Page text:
Despite being labeled as the greatest artwork ever, some art historians have called the Mona Lisa “overrated”. This is mainly because of her small size, with some believing that da Vinci left the artwork incomplete due to her lack of eyebrows. Only gaining worldwide fame in 1911 after it was stolen, the Mona Lisa eventually became the most visited, written about, and parodied work of art in the world. In 2016, it broke the Guinness World Record for being insured at $100 million, and in 2021, the Mona Lisa is worth over $870 million.


Vertumnus (1591) by Giuseppe Arcimboldo

ArtistGiuseppe Arcimboldo
Date 1591
MediumOil on wood
Dimensions68 cm x 56 cm
Where It Is Currently Housed Skokloster Castle, Sweden

The painting style of Giuseppe Arcimboldo is impossible not to recognize, given the fact that the Renaissance artist was famous for creating his portraits solely out of fruits, vegetables, and plants. Known for his whimsical portraits, Arcimboldo was able to somewhat accurately portray his subjects through using a variety of objects. Vertumnus was made to depict the Holy Roman Emperor Rudolf II, who was the Roman god of metamorphoses in nature and life.

Each object used within the painting was directly related to the Emperor in some way.

Top Famous Art Portraits Vertumnus or Rudolf II of Hamsburg (1590) by Giuseppe Arcimboldo; Giuseppe Arcimboldo, Public domain, via Wikimedia Commons

Despite Arcimboldo’s playful approach to portraiture, Vertumnus is incredibly precise in its creation, as each detail of the Emperor’s expressive face is represented by a different piece of food or plant. While the famous portrait may seem silly at first glance, you can see the extensive effort that Arcimboldo put into his work, as even the individual teeth are visible.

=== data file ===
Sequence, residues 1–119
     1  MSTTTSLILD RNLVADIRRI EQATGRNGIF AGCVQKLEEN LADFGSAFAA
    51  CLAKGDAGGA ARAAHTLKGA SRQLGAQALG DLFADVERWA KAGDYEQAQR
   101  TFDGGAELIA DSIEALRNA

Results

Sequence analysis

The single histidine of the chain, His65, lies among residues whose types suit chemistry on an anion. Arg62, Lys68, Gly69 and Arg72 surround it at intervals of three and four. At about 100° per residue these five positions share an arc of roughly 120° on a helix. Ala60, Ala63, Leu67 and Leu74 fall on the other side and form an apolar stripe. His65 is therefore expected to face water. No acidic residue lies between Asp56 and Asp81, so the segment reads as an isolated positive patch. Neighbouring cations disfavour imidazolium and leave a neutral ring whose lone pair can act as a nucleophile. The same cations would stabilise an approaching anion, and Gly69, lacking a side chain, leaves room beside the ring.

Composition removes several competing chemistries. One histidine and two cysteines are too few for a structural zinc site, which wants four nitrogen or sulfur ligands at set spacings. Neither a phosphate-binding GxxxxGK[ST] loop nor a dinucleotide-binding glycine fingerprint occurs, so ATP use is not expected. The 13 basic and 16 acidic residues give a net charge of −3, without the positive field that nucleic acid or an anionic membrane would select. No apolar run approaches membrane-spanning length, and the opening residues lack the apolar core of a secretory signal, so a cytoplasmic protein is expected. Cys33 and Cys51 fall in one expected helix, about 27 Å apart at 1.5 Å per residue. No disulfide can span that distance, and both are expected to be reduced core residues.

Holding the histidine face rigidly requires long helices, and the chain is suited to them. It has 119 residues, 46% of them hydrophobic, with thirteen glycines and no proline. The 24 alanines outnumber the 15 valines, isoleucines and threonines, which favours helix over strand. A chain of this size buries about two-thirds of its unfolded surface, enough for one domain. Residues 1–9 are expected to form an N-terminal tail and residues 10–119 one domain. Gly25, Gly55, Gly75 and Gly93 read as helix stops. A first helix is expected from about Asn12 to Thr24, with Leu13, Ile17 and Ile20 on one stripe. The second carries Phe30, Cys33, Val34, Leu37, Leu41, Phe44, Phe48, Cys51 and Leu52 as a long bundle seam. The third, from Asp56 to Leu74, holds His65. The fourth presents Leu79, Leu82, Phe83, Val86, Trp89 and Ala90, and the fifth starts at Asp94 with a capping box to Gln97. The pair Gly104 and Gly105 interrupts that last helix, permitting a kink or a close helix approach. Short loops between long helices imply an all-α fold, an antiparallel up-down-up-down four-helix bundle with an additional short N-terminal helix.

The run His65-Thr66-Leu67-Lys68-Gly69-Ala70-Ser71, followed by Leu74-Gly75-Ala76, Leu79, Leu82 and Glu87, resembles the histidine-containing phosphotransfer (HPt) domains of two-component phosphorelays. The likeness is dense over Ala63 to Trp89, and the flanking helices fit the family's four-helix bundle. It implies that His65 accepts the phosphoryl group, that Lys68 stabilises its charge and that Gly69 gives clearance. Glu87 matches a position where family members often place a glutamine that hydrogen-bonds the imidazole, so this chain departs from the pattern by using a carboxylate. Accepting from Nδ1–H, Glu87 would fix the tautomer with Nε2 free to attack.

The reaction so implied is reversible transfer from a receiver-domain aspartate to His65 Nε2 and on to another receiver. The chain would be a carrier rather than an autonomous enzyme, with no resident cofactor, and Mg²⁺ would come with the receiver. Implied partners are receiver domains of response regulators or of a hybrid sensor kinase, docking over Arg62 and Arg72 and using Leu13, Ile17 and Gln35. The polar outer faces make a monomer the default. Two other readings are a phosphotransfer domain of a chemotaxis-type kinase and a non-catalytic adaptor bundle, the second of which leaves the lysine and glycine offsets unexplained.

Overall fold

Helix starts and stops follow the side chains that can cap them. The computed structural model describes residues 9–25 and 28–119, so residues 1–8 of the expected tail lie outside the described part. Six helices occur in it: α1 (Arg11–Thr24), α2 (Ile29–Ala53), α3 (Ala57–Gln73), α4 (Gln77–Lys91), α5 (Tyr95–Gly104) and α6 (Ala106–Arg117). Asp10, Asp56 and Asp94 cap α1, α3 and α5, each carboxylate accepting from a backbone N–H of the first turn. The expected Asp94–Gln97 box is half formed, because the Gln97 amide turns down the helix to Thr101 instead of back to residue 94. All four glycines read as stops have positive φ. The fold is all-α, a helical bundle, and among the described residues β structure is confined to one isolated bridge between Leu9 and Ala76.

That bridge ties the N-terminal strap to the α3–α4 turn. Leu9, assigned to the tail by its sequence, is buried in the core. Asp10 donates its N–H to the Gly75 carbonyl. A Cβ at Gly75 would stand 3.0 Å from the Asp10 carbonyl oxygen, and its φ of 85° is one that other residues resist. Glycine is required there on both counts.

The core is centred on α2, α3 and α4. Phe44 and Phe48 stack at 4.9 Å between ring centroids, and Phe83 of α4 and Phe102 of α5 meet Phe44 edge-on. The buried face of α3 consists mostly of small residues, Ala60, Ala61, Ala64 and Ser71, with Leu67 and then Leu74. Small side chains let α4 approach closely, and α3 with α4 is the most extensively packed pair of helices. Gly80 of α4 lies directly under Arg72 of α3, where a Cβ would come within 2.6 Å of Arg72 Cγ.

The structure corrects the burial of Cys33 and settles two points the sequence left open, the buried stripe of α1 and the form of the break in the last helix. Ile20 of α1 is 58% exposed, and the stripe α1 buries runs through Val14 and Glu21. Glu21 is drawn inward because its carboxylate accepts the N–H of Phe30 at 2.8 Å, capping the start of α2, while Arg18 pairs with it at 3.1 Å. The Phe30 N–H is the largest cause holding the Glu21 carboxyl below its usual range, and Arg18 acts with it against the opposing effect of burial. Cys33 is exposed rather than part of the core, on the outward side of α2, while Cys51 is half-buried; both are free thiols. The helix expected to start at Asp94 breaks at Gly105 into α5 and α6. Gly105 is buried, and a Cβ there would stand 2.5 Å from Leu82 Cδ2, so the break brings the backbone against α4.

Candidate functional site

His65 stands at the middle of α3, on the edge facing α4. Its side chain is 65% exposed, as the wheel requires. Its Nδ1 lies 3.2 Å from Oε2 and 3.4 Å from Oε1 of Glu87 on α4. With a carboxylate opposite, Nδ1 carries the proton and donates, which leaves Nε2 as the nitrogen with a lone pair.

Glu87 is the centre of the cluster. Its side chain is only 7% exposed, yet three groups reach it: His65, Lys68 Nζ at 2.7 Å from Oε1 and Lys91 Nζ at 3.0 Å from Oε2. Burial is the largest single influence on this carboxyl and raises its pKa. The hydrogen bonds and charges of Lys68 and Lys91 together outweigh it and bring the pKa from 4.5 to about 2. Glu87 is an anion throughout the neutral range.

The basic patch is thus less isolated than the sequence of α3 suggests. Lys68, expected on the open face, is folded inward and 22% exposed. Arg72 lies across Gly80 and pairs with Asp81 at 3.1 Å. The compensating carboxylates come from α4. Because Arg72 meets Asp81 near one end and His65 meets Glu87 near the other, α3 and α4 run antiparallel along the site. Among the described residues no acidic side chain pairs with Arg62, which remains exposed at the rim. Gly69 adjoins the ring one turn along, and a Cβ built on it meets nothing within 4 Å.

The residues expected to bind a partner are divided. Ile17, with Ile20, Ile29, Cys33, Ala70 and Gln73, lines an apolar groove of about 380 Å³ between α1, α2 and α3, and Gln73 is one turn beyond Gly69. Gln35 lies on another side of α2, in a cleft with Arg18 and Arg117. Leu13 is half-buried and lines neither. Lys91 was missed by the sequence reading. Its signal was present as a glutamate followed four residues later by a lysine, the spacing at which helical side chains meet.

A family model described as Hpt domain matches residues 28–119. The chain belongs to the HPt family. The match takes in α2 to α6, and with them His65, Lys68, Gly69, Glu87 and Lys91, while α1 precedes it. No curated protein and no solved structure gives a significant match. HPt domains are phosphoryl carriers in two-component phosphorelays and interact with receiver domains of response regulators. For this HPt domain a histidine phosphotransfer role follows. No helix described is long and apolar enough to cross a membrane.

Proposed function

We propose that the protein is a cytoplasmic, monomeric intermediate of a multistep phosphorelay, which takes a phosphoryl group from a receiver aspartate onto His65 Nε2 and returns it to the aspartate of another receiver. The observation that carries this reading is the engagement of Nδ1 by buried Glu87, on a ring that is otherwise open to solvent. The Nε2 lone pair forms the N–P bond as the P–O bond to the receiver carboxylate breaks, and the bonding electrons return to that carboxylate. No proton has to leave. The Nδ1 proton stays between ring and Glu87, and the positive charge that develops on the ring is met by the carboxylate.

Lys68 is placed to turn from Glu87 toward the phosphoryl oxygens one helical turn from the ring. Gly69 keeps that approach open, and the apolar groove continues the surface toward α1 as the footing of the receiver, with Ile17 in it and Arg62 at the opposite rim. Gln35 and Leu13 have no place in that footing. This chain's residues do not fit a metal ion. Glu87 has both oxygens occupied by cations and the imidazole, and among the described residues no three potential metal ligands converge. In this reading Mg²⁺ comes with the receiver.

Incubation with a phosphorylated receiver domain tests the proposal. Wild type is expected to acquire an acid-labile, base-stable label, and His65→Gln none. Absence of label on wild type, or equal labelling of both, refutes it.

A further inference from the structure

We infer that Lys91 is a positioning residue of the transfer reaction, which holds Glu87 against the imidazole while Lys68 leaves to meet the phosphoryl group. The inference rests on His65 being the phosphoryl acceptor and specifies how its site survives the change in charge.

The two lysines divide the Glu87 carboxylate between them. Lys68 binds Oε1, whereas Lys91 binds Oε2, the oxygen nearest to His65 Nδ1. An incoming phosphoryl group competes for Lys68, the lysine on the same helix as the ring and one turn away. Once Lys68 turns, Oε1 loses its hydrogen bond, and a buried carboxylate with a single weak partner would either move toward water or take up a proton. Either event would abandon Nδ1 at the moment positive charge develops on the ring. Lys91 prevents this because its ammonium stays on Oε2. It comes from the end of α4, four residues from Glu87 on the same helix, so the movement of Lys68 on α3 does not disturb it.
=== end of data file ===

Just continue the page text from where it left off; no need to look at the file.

When viewing his iconic painting, the extensive imagination and attention to detail that Arcimboldo had to exert to create a flawless portrait becomes obvious to audiences.

Although Vertumnus is a far cry from realistic, the pure talent of Arcimboldo must be praised. While he may have chosen green beans, red fruits, and apples to represent prominent features, Arcimboldo still followed most of the principles for typical portraiture at the time. While the muted black background was in keeping with the standards for portraits, he also carefully chose which objects to use.

By depicting flowers and fruits from all seasons, Arcimboldo subtly symbolized the abundance and harmony of Emperor Rudolf’s reign. As he was not a popular ruler, we can only assume that Arcimboldo chose to paint an oddly flattering painting of him. A possible reason for this was thought to be because Emperor Rudolf was a great supporter of Arcimboldo’s art.